Sunday, February 28, 2010

Roland Emmerich Is the Shakespeare of Our Time

Hear me out on this, and I will stand by this statement: Roland Emmerich, director of Independence Day, The Day After Tomorrow, and most recently 2012, is the William Shakespeare of the modern age.

This is on my mind for a couple reasons. 2012 comes out on DVD on Tuesday, and if you haven’t seen it, I encourage you to do so. And, in recent news, it was announced that Mr. Emmerich will soon be directing a thriller about the theory that Shakespeare did not write his plays-- set in the time of Shakespeare. So, it’s probably safe to assume that the world won’t be ending in this one.

2012 is a movie I liked-- a lot. It’s ridiculous and goofy and sentimental, but it is all of those things in the name of entertainment.

Now, take Shakespeare’s “The Twelfth Night.” If you’re familiar with it at all, you know that it is ridiculous and goofy and sentimental but also that it is damn entertaining.

And, there’s the thread. They are entertainers. Shakespeare was the most popular playwright of his time. We know this because he is the most popular playwright of our time. His plays have survived hundreds of years, not because they advanced the medium of the theatre and of the written word, but because they were massive hits. Everyone wanted to see them, and mass audiences still want to see his plays.

It is a joke among writers that if there is an original idea to be conceived, Shakespeare already did it. Commonly ignored is the fact that anything Shakespeare did the Greeks did first. But, the point remains that if all ideas can be boiled down to 400-year-old plays, then those plays must have been comprised of key facets of the human experience.

Shakespeare then took the human experience and multiplied it to the nth degree and invented pop culture. Scholars have spent years and will continue to spend years looking for the deeper meaning in “Hamlet,” “Romeo and Juliet,” “Richard III,” and so on down the line, but the truth is that the meaning is right there on the surface.

The plays are fantastic entertainments that one need not think too deeply about to have a good time. Anyone who pretends that the plays of William Shakespeare are anything more than mere melodrama ratcheted up for visceral thrill and emotional response is doing a disservice to himself and to the pure joy that is Shakespearian farce.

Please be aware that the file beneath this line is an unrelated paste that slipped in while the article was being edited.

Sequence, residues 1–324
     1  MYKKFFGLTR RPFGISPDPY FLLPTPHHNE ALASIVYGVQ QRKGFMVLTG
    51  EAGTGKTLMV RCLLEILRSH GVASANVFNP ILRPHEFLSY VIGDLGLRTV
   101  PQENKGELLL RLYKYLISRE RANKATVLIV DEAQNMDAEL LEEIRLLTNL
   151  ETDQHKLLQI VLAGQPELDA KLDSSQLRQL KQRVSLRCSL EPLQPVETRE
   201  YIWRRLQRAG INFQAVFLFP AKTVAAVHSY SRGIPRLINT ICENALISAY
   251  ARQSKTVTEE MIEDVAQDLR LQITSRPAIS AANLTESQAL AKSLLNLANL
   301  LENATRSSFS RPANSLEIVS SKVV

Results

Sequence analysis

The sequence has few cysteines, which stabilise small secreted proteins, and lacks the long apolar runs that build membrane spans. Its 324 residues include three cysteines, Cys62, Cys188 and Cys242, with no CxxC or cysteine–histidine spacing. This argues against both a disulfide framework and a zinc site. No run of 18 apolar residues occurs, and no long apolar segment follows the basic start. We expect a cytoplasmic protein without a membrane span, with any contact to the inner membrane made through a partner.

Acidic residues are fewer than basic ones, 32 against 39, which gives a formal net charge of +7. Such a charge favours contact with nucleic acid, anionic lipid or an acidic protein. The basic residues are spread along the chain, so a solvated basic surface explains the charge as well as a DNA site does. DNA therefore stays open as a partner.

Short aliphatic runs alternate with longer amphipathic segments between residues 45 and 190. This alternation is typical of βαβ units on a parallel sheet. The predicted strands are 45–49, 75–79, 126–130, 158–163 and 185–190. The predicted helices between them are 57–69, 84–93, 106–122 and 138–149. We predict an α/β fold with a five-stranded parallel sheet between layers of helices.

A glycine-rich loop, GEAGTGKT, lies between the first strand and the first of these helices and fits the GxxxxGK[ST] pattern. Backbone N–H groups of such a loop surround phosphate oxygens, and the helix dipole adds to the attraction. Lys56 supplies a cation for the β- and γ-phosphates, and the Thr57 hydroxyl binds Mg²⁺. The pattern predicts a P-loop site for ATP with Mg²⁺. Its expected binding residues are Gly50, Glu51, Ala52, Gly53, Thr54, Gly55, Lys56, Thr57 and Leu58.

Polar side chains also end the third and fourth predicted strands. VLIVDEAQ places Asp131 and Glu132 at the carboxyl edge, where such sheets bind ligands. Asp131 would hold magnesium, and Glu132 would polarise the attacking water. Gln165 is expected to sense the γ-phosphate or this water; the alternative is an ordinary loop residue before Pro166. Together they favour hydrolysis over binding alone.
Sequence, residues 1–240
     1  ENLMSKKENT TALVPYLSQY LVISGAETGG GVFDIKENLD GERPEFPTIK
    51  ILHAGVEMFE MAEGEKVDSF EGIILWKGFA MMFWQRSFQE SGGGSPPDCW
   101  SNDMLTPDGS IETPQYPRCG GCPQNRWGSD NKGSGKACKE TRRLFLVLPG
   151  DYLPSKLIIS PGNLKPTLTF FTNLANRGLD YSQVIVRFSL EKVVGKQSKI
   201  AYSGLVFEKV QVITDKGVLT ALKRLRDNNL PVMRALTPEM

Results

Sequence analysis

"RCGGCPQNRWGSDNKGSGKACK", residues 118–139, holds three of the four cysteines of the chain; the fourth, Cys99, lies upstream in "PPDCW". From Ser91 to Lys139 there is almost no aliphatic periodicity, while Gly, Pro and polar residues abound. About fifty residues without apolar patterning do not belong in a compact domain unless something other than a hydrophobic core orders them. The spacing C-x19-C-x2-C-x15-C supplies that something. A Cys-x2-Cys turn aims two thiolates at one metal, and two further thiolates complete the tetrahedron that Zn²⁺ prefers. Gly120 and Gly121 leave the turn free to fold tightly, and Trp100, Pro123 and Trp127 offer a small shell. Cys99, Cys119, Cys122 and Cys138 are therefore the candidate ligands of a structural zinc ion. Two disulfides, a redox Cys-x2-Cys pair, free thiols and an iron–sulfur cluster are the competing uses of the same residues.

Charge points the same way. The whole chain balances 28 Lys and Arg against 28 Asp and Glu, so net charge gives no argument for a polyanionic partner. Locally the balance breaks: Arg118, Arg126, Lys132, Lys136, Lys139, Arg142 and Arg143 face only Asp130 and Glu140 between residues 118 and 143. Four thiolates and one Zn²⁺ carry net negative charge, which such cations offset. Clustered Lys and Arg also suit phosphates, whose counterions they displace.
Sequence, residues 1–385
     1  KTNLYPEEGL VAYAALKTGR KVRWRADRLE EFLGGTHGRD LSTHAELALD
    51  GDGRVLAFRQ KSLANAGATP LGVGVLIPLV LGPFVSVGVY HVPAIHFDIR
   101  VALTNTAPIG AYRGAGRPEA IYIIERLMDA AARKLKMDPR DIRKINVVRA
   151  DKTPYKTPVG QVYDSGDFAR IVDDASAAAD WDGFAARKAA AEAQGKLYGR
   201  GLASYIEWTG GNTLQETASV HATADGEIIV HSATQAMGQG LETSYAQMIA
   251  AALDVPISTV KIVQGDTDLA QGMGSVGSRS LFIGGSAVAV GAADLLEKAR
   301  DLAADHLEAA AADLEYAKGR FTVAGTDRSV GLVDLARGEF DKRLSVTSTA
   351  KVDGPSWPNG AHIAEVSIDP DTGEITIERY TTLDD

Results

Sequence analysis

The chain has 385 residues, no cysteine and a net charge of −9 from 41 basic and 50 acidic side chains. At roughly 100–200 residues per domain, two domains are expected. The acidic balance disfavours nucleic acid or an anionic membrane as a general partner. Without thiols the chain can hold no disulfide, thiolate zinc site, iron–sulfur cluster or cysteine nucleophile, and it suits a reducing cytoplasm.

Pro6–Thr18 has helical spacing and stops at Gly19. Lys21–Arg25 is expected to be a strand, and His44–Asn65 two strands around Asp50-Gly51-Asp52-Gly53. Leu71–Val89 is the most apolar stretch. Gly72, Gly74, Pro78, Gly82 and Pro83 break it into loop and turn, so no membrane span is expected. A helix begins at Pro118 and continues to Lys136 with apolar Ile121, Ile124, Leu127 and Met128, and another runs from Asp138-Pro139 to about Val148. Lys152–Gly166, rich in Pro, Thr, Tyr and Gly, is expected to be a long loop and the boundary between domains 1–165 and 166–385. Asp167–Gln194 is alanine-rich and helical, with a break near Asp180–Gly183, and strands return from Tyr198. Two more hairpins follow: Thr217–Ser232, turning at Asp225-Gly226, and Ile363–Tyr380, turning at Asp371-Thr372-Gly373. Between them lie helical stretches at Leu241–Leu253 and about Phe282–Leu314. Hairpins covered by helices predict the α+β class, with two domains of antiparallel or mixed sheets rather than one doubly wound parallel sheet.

And, for melodramatic farce, look no further than Will Smith and Jeff Goldblum traveling to outer space to infect an alien mother ship with a computer virus. Strike that, look further back, and you may find that Shakespeare already did it.

Tuesday, February 9, 2010

Avatar 2

It’s been a week since the Academy Awards nominations were announced, and there is very little to report on the Oscar front.

So, let’s talk sequels. A recent viewing of James Cameron’s Terminator 2: Judgment Day has revealed to me what most already knew: Cameron knows how to write and direct a sequel. He does not use sequels simply to cash in on popular films.

With Aliens, he expanded the universe presented in Ridley Scott’s original. He took the horror and claustrophobia of Alien and blew it up into a massive action-adventure film that tells a cohesive story.

Similarly, he used T2 to expand on the lore of the first film and filled out a story of which audiences wanted more. His sequels are bigger, bolder, and often better than their predecessors. All of this brings me to Avatar, which has recently become the highest grossing film of all time.

Cameron has already stated that he has enough material for two sequels to the best-picture-nominated 3D spectacle. But, one thing at a time-- what can we expect from Avatar 2? How could he possibly top the biggest movie of all time?